Standing in the parking lot of Groenkloof, a nature reserve tucked in Tshwane’s heart, you can spy a white box mounted on a tall pole. Emblazoned on its front is ‘Project Isizwe’, the public WiFi project launched in 2013. It claims to be the first free public WiFi project rolled out in a local metro. This is not entirely true (particularly since Isizwe’s roots trace to Stellenbosch in 2012), but that would be splitting hairs. Isizwe was certainly the first such rollout in a major local city.
Isizwe is the visible tip to a growing iceberg of metro connectivity. It already registers over 170 000 daily connections, totalling 111 million sessions since its launch. In the Western Cape, WiFi spots launched earlier this year accrued 37 000 devices and over 1.7 terabytes of free data usage in five months. Cape Town’s underlying fibre backbone is over 800km long, Johannesburg’s equivalent over 900km.
There are multiple public networks either installed or planned for cities across the country, as well as private fibre networks and a burgeoning number of mobile and microwave networks. City connectivity is here.
The connected city
Many components build a smart city, as summarised in the first part of this series. But connectivity is the keystone. It’s the vascular system that connects the different parts of tomorrow’s metros and keeps those parts alive on their own accord. Be it a citizen accessing their rates or a security camera spying criminal activity, all feed through networks and are enhanced when they overlap. Yet even the most isolated smart project still relies on some species of network, without which it has no hope of reaching across the cityscape.
“A smart city’s telecommunications infrastructure forms the heart of its architecture,” says Juanita Clark, CEO of the FTTH Council Africa. “This network must be built on high-capacity broadband networks such as optical communications infrastructure. It becomes the basis for all government-to-government, government-to-citizen, government-to-businesses, and businesses/citizen-to-citizen communications.”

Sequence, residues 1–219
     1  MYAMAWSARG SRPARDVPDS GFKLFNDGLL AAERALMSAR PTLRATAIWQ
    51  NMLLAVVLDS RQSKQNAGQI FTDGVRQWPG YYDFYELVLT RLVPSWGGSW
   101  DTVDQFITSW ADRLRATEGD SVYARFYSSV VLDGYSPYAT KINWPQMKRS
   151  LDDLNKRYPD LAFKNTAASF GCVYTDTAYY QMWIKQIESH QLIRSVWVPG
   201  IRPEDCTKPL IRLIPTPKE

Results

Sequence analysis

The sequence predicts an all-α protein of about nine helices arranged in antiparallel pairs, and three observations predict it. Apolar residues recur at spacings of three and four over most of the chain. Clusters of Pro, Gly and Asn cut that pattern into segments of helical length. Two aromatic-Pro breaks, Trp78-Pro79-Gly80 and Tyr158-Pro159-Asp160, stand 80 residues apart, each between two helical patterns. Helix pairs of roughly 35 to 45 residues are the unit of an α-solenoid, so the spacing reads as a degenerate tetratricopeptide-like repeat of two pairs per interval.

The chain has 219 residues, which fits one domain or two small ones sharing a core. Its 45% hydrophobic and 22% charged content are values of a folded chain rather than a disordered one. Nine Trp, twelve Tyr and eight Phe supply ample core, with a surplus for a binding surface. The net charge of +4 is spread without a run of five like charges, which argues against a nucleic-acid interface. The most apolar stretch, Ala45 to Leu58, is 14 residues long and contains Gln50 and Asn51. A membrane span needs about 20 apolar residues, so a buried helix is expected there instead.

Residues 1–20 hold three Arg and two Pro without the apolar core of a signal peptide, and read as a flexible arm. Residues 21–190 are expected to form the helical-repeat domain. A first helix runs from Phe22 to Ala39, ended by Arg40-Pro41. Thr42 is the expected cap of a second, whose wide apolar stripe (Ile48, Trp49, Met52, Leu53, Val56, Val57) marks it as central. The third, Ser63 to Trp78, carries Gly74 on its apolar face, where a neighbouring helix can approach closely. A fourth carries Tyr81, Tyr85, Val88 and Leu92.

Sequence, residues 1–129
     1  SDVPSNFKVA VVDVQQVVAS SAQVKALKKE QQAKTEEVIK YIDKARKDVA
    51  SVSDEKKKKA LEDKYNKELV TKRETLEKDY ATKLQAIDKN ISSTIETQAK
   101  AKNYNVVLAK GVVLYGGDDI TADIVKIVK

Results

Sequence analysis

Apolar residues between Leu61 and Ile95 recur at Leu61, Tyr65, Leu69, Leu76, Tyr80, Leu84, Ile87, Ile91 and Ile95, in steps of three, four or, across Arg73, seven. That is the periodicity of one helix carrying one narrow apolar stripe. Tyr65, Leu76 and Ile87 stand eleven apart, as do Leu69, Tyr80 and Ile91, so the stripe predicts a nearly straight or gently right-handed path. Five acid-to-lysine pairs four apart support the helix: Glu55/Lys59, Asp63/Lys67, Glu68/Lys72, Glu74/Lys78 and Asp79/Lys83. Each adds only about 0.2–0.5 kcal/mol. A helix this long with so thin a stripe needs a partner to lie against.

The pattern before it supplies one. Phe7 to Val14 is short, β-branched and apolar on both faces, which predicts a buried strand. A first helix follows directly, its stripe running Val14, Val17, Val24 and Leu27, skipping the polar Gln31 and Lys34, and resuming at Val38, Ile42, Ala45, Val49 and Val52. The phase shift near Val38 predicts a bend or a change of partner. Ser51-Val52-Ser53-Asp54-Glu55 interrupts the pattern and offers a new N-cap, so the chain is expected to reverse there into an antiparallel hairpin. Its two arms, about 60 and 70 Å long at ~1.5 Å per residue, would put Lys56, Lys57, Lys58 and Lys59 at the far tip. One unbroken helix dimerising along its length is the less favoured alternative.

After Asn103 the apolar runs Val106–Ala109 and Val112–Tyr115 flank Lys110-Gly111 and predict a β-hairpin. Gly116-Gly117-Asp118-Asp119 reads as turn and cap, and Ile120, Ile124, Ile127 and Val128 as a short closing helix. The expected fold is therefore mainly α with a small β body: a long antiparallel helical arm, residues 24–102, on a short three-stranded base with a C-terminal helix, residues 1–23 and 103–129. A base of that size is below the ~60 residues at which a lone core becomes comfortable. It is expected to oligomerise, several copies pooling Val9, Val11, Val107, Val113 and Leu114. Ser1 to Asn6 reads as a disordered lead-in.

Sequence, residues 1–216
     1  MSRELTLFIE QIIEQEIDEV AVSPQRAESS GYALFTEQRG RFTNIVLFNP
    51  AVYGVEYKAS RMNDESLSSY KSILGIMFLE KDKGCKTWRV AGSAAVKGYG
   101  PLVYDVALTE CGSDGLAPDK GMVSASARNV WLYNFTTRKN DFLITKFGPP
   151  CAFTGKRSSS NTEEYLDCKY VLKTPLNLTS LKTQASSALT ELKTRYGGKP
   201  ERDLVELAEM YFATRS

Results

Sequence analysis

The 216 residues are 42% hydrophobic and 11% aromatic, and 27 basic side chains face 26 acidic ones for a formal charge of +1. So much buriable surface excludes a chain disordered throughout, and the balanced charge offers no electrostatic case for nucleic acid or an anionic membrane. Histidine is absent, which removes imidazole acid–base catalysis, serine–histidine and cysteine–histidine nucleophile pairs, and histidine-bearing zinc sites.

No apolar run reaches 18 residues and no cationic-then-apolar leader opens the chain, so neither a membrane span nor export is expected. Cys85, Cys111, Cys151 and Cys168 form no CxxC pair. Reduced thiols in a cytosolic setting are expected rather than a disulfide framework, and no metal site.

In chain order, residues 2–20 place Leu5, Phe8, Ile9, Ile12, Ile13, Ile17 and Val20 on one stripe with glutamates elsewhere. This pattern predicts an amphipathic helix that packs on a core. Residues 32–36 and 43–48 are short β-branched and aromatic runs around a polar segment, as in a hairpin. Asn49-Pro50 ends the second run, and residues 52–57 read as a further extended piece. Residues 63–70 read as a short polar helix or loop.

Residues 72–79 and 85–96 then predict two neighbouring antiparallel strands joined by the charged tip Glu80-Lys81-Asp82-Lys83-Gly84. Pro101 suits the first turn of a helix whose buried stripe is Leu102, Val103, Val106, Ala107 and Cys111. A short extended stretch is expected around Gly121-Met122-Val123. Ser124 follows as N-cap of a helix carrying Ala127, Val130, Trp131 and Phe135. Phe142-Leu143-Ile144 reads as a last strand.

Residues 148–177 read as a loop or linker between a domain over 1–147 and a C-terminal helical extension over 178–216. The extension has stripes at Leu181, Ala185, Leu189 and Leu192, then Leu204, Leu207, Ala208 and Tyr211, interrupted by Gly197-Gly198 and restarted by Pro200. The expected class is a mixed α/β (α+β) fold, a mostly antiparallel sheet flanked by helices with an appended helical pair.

Connectivity is the litmus test for a city’s smart readiness. The picture is encouraging: Cape Town, Durban, Johannesburg and several smaller metros such as Nelson Mandela Bay have municipal fibre networks. These deployments vary radically both in maturity and business models: Cape Town has always maintained tight control, Tshwane leans heavily on private sector partnerships, and Johannesburg recently turned its network into a municipal entity after establishing it through a controversial outsourced project. They all articulate high-speed, future-proof networks that carry (and ultimately pool) the data of the city.
These networks are unlike similar public infrastructure. Most public technology infrastructure is conceived under national government policy - in this case SA Connect, which seeks to drive broadband across South Africa. But municipal networks operate with more autonomy.
“It is our view that the smart city evolution must be led by the leadership of the Metro,” says Mboneli Ndlangisa, deputy CEO of the South African State Information Technology Agency (Sita). “Sita’s role will be to provide the necessary services and solutions to enable the road to a smart city.”
Both referee and player
Opinions on implementation vary. Some feel that creating municipal networks can be redundant and the ample number of private fibre networks ought to be harnessed for public services. Says Clark: “All local government initiatives should ensure close engagement with the private sector when developing a broadband strategy to ensure that duplication is minimised. It is critical that government focus on providing universal access and that it does not try to compete with the private sector.”